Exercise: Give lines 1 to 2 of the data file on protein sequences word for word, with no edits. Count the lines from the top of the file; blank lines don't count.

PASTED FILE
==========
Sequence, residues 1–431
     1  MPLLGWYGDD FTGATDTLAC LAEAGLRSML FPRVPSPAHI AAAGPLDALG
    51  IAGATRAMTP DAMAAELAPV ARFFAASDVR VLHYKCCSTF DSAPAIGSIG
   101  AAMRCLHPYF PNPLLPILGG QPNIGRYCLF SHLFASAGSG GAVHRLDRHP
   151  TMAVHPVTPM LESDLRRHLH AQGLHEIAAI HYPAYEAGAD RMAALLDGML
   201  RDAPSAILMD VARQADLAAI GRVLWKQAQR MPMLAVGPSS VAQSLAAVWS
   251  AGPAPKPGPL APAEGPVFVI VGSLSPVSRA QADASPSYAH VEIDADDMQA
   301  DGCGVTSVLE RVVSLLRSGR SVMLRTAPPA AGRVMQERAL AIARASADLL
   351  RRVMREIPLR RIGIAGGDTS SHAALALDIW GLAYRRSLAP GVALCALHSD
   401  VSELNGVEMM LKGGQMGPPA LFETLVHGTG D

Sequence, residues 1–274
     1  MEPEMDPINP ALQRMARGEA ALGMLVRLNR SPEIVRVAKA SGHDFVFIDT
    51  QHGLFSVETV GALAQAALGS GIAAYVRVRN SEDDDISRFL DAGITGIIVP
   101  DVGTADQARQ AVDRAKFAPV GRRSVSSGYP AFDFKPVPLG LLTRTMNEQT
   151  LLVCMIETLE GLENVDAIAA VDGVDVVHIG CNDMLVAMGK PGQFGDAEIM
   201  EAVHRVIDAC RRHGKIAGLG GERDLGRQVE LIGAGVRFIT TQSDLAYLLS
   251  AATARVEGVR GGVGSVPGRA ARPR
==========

Sequence, residues 1–431
     1  MPLLGWYGDD FTGATDTLAC LAEAGLRSML FPRVPSPAHI AAAGPLDALG